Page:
So are your hair and your height, while we’re at it.

Anxiety. We’ve all had it at some point. It could be pre-exam nerves, those jitters you get when your phone lights up with a text from your crush, or building the nerve to ask your parents if you can go to a party at that girl’s house you know they don’t approve of. It’s totally normal, and often harmless—even helpful, when it comes to pushing you to do that exam prep. But for some of us, those bouts of worry aren’t so occasional.

It’s a strange beast. It can creep up on you without you even realising it, or when you least expect it. And all personality types can experience it. As someone who’s spent half their life simultaneously being a self-confessed party girl, and occasionally feeling like I want to hide in my room for the rest of time, I am a living example of how you can be the most extrovert person in the world, and still suffer from social anxiety and poor mental health. And I’m not the only one.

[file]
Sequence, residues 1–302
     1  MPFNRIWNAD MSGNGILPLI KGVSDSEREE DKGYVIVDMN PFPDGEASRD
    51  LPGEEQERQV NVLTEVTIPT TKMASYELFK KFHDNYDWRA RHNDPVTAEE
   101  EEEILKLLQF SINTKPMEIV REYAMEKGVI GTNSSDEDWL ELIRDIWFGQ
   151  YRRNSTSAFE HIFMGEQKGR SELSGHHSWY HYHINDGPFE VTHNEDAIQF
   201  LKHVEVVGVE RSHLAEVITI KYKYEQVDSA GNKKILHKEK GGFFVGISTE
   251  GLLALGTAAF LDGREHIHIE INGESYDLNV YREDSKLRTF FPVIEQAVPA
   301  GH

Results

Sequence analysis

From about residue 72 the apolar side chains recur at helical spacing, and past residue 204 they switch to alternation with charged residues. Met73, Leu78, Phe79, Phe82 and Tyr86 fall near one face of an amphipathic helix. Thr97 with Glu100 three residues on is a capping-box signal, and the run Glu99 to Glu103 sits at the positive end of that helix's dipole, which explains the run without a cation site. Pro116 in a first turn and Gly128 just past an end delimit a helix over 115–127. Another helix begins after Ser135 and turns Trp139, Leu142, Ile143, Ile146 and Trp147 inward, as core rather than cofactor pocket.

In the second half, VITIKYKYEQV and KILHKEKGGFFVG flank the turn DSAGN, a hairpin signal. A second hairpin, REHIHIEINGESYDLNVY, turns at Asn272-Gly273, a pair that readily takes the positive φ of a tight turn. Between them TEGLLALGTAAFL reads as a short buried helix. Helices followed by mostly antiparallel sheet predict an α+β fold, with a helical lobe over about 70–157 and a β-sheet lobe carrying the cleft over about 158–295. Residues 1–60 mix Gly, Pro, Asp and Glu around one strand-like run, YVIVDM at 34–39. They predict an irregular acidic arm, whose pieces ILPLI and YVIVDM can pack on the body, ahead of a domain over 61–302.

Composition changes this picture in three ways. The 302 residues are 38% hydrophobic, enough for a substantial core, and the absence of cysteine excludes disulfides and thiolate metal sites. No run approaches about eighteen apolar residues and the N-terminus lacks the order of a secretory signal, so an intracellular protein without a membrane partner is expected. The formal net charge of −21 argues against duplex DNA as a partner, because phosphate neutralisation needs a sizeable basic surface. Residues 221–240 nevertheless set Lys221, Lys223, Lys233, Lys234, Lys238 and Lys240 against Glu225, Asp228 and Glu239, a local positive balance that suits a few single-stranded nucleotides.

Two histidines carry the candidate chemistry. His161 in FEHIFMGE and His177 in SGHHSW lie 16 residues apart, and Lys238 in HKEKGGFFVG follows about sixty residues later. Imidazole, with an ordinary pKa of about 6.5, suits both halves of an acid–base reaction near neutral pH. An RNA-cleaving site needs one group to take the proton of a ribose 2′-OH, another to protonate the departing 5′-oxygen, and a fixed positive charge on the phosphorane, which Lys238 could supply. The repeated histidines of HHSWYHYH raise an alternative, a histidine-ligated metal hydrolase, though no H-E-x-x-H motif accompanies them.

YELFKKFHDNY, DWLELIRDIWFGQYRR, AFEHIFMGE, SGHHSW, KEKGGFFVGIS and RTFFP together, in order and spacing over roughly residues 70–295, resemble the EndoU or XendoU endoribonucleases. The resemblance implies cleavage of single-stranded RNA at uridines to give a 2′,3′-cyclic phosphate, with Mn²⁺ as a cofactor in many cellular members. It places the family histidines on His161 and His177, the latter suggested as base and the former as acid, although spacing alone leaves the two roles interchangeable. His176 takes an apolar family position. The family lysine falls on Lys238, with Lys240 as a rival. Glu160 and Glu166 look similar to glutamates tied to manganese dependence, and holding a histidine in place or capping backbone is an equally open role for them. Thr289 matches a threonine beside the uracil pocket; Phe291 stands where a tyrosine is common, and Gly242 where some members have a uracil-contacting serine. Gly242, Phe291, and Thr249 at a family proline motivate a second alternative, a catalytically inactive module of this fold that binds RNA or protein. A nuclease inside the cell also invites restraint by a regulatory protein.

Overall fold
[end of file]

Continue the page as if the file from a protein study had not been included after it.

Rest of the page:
The more I’ve opened up and talked about it, the more I hear a similar story. That seriously funny girl in my class? Yep, she cried the whole way in because she feels like she can’t cope with school at the moment. The girl that seems so cool and confident, who’s everybody’s friend? She has depression, and sometimes spends the whole weekend in her room because she can’t face the crowds. It made me realise: I’m not alone. And while I’d never wish it on anybody, when you’re going through a hard time, having someone you can relate to can be a huge comfort. Which is why I cannot stress enough how important it is to talk to people when you’re struggling and be open about what you’re feeling. With that in mind, here are five things I want to share about being an extrovert living with anxiety.